This weekend we continued our sermon series, “A Priest and a Physicist Walk Into a Bar…” in which we explore how the science of our universe might point to an intelligence beyond itself.
We begin today with a video acknowledging that a “leap of faith” without any reason or evidence behind it is an insufficient foundation for believing in God. Just because someone cannot prove that there isn’t a God doesn’t prove that there is. Using this same logic we could “leap” to the conclusion that there is a floating all-powerful tea-pot or a flying spaghetti monster.
Portrayed in this video is the common assumption that faith is just something one chooses without reason or evidence. This creates the impression that faith is about wishes, hopes, and feelings, while science is about reality. It is this characterization of faith that must be rejected and combated. Faith should always go beyond the evidence, but it should never go against the evidence. God created us with brains to reason with evidence and facts, and all truth is ultimately God’s truth.
Psalm 19:1-4 (ESV)
The heavens declare the glory of God,
and the sky above proclaims his handiwork.
Day to day pours out speech,
and night to night reveals knowledge.
There is no speech, nor are there words,
whose voice is not heard.
Their voice goes out through all the earth,
and their words to the end of the world.
In them he has set a tent for the sun,
As Greg explains, nature is telling us something of God. Take the Big Bang Theory for example. The theory is that if you go back about 13.7 billion years ago, all the matter of the universe was packed into a super condensed speck which then exploded. The reason this theory is believed is the discovery that the universe (space itself) is expanding. Though some Christians have sought to discredit or reject this theory out of fear that it explains the origin of universe without God, it is actually the opposite that is true. What this theory suggests is that the universe had a beginning. This idea was actually resisted by scientists because it means that the universe itself is not eternal. If the universe has a beginning, then that means the universe is not self-explanatory. The logic follows: You can’t get something from nothing. So if there is something, then there must always have been something. Therefore, something must be eternal.
Getting into the history about how the Big Bang Theory came about, Greg explains, when Vesto M. Slipher noticed a Doppler effect, he suspected that our galaxy was moving away from other galaxies. This was the first evidence that the universe was expanding. Later, Einstein then put forth his theory of relativity. Willem de Sitter noticed that Einstein’s theory only worked if the universe was expanding. Einstein himself hated this idea. Einstein was hoping that the universe was a steady state. One hope was that the Big Bang would be followed by a Big Crunch as the universe collapsed back in on itself and then exploded again. This would salvage the universe being self-contained. Later, Edward Hubble using improved telescopes discovered that the farther out we look, the faster the expansion. This, along with the second law of thermodynamics, ruined the Big Crunch model. Lastly, Arno Penzias and Robert Wilson discovered background radiation exactly of the same pattern that the Big Bang Theory predicts would be there. This was the final straw that caused everyone to concede that the universe had a beginning. It is then fair to postulate that the universe began roughly 13.7 billion years ago and after the second law of thermodynamics has its way, in roughly 20-25 billion years, all energy in the universe will dissipate and everything will become a cold wasteland. Between these two eternal nothingnesses the universe played a sick joke and evolved humans who actually thought that something mattered.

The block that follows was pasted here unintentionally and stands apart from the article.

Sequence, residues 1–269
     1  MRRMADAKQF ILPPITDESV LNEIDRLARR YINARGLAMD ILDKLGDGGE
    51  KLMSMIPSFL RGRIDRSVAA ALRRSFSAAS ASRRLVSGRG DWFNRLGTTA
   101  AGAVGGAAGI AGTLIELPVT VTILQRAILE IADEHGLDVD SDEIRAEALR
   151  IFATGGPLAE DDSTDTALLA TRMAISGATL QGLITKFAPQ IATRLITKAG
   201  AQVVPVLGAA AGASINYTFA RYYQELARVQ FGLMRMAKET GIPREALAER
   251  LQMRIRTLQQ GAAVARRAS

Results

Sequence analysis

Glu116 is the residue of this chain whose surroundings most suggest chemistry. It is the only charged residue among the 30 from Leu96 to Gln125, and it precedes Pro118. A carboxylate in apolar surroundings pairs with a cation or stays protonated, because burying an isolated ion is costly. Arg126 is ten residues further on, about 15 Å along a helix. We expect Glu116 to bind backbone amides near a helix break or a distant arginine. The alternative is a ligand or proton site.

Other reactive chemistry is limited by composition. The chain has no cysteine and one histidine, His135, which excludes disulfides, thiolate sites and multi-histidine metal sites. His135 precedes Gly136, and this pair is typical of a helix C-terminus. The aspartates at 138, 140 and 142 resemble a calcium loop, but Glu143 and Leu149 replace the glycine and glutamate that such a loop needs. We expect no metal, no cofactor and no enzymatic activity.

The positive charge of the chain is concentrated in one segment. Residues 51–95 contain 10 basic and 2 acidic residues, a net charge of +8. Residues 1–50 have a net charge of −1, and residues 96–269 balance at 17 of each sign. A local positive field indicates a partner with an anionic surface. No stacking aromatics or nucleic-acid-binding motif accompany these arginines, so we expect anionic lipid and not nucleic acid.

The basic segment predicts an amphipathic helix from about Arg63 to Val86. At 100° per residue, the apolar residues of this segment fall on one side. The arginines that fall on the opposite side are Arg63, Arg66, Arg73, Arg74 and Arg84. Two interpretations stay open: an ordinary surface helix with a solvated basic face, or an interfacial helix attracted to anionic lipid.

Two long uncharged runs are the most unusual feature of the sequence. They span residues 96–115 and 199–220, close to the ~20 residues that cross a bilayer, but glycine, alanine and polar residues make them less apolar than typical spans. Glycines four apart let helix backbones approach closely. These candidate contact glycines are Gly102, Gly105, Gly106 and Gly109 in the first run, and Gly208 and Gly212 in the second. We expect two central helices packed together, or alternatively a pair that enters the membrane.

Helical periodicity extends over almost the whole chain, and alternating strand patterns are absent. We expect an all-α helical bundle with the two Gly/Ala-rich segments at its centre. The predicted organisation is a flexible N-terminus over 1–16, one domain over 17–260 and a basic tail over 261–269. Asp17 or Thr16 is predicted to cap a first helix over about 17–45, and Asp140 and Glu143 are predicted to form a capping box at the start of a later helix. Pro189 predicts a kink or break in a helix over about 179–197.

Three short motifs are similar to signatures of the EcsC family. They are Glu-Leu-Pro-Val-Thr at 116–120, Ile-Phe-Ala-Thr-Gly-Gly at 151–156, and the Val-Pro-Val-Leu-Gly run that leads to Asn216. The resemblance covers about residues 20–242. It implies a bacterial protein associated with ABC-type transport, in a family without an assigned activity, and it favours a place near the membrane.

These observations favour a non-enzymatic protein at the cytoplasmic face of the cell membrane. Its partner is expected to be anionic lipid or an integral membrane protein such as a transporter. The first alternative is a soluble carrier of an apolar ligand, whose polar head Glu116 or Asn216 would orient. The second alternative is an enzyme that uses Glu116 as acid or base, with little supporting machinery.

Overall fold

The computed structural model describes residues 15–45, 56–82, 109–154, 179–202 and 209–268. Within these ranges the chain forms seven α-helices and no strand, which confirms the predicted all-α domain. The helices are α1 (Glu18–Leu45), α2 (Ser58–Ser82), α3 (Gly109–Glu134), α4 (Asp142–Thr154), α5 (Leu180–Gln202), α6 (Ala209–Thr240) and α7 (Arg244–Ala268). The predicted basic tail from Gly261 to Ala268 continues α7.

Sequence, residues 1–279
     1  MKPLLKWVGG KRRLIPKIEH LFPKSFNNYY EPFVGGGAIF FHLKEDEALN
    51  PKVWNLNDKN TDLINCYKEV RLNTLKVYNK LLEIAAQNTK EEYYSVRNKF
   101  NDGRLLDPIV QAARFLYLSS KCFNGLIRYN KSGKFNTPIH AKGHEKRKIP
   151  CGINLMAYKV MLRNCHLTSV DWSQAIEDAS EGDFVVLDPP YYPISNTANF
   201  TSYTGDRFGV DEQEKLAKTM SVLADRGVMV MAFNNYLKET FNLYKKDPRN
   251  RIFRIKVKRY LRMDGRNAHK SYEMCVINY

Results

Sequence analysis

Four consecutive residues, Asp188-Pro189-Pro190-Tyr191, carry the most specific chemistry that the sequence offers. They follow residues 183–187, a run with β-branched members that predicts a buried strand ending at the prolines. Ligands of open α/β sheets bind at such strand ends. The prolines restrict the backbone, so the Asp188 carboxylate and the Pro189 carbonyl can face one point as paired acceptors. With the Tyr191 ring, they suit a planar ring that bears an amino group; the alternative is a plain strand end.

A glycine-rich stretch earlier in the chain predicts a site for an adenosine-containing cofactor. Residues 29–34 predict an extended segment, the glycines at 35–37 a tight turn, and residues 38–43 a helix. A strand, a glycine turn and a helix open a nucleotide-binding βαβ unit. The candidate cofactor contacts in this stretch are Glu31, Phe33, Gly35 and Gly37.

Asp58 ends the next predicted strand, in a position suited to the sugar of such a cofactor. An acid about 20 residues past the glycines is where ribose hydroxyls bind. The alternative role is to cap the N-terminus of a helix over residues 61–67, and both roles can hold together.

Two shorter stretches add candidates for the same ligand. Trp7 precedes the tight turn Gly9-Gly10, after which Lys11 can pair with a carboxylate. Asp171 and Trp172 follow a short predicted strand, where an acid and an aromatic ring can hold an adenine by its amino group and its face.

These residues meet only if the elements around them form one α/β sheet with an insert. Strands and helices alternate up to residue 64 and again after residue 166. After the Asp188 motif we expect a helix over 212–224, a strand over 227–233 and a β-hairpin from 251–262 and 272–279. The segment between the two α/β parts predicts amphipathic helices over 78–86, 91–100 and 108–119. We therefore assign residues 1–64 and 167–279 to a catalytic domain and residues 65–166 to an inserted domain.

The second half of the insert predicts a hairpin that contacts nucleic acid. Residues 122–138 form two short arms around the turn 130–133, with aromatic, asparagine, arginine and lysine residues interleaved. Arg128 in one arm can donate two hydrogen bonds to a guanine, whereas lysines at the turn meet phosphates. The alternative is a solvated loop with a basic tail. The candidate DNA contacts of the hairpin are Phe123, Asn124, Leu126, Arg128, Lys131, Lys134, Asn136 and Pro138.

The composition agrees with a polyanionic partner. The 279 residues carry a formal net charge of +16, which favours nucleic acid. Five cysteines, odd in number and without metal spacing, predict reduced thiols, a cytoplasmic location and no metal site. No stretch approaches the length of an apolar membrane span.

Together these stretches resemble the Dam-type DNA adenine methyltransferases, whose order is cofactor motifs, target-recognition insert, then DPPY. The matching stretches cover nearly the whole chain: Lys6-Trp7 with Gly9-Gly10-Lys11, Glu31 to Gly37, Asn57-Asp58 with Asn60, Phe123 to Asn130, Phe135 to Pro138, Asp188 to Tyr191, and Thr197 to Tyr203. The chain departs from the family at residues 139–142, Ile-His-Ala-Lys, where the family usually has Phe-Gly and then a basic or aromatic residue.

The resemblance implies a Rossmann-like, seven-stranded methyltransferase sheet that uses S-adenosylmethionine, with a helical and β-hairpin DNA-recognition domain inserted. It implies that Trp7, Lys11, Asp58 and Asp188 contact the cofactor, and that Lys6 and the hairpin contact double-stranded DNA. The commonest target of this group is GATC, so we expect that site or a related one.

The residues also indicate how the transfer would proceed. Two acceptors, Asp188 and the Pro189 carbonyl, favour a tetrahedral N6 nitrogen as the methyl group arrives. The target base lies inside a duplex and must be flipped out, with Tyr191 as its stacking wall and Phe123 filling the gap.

Greg explains how this explanation alone seems extremely intellectually unsatisfying.
“For the scientist who has lived by his faith in the power of reason, the story ends like a bad dream. He has scaled the mountains of ignorance, he is about to conquer the highest peak; as he pulls himself over the final rock, he is greeted by a band of theologians who have been sitting there for centuries.”
― Robert Jastrow, God and the Astronomers
Science assumes that there is a natural explanation for every natural effect, but when it comes to the origin of the universe this assumption is betrayed. The Big Bang is begging for an explanation, but this explanation would have to be something eternal that transcends the universe itself. Science can’t go there, but that doesn’t mean that we can’t go there. There is no reason to believe that the only things that are real are that which conform to the scientific methodology. If reason points beyond what science can give us, it is rational to say that there is something beyond what science can give us.
The second aspect of the universe that points to there being a God is how finely tuned the universe is to produce solid matter. There are roughly 47 cosmic constants and if any of their ratios were off by a very small degree, the universe would be a jumbled scrambled mess almost like a television with no reception. Science can’t explain why the universe produced the exact perfect ratios of these constants. It all would be by chance. The problem is the probability that these ratios would be as finely tuned as they are by chance is 1/10^154. The more unlikely an occurrence is to occur by chance, the more appealing to intelligence makes sense. Being that the chance of 47 of these cosmic constants are in perfect ratio with each other is virtually infinitely unlikely, appealing to intelligence as the cause for this fine tuning is rational. Existence itself is a miracle! Hide Extended Summary